In the night of 2 to 3 September, the French passed the ditch of a redoubt.
In the morning of 3 September, the French stormed the redoubt.
In the night of 3 to 4 September, 2 French coys attacked the angle of the covert way of the “Rhine Bastion” and suffered heavy losses (4 officers killed, 40 grenadiers killed or wounded). The French artillery then concentrated its fire on the “Rhine Bastion”.
On 4 September, Tallard was informed that the Imperialists had thrown a bridge at Lauterbourg and that their cavalry was on the march to pass on the left bank.
On 5 September, the Duc de Bourgogne detached M. de Vertilly with 1,500 horse to reinforce the corps posted on the Bruche under M. de Streff. He also sent M. de Laubanie at Molsheim to take command in these quarters. The same day, an Imperialist corps with 6 guns, 2 mortars and 8 pontoons reached Haguenau where it passed the Moder. Furthermore, a large number of peasants were ordered to assembled at Drusenheim with tools.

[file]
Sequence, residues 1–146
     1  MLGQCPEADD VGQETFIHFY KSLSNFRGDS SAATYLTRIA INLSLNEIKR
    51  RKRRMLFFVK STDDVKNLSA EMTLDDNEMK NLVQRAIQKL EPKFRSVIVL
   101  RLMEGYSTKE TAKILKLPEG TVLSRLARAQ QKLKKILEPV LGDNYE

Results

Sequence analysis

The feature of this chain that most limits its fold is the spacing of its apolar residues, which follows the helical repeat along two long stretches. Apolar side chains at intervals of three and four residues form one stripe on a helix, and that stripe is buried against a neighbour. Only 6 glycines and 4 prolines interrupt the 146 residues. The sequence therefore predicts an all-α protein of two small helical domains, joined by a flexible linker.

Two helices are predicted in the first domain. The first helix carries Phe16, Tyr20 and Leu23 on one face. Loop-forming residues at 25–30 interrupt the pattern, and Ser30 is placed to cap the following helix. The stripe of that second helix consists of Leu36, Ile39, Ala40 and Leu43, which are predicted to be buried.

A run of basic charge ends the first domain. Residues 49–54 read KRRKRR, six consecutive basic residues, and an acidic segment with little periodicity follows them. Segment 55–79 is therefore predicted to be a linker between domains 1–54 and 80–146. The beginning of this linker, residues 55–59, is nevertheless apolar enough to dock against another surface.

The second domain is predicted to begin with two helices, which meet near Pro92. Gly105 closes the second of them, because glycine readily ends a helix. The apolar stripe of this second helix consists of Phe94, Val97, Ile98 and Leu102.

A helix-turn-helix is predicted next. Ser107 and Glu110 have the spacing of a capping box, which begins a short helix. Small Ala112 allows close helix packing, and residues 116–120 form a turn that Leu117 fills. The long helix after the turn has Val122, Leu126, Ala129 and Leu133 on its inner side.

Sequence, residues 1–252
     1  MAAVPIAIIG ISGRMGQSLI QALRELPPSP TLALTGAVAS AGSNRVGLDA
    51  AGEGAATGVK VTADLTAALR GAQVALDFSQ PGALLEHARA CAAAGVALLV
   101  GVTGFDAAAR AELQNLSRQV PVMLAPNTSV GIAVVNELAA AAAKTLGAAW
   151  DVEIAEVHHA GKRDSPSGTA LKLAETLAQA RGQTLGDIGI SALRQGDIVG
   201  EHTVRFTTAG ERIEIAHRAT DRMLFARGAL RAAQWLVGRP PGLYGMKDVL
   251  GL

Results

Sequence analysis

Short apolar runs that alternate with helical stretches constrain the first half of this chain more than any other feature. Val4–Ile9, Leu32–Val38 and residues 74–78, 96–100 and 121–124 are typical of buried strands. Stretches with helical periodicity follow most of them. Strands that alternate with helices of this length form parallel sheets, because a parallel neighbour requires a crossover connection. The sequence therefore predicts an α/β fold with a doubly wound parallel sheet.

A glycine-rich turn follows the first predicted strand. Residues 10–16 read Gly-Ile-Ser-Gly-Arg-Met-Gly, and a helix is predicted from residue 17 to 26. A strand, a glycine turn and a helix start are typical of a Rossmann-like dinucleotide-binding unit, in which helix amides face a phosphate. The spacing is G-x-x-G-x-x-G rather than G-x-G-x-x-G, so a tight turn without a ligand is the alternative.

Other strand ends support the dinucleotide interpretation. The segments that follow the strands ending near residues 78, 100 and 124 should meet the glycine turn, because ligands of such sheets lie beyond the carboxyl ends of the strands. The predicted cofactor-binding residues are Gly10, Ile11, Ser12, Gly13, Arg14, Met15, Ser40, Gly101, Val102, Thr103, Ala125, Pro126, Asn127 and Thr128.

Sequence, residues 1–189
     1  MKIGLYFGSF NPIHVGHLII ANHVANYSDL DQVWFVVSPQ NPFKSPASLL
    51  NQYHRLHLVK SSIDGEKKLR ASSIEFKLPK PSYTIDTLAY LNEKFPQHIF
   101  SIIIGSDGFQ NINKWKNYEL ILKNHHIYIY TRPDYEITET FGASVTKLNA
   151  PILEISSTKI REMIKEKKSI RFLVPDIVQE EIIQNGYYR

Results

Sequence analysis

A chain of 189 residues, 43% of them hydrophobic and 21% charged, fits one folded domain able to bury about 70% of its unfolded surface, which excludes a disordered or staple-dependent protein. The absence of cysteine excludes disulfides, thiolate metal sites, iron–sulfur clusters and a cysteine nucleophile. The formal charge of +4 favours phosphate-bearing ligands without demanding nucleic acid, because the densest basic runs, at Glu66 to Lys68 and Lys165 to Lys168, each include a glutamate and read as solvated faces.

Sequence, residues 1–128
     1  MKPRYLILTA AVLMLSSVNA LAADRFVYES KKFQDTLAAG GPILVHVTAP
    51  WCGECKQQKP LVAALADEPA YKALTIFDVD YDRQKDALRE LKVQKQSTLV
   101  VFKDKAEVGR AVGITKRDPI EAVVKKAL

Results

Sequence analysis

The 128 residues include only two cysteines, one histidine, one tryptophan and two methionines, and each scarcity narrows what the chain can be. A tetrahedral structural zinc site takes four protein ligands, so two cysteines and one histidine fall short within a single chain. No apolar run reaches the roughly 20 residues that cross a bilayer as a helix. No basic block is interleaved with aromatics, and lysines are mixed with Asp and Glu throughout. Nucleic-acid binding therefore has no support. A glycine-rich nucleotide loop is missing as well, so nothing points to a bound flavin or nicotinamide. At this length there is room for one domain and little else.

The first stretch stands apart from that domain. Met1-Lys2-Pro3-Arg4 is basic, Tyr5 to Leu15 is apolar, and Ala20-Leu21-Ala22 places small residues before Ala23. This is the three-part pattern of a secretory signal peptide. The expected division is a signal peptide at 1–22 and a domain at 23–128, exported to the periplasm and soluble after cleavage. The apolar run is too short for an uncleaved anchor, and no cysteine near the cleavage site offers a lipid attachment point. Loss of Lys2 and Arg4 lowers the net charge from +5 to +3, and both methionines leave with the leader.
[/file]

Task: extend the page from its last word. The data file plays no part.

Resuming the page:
On 6 September at 2:00 p.m., the garrison of Alt-Breisach hoisted the white flag. The same day, the Duc de Bourgogne, fearing the advance of the Imperialists army on Strasbourg, sent 1,500 horse to reinforce the city.
In the morning of 7 September, Alt-Breisach capitulated, its garrison obtaining the honours of war.
On 8 September, the garrison of Alt-Breisach (now down to 3,500 men) marched with 4 guns and 2 mortars under escort to Rheinfeld. The French found 40 guns and more ammunition than anticipated in the place.
The French were now free to turn their attention to Freiburg or Landau.
Vault, François Eugène de, and Pelet: Mémoires militaires relatifs à la Succession d'Espagne sous Louis XIV, Vol. 3 pp. 416-459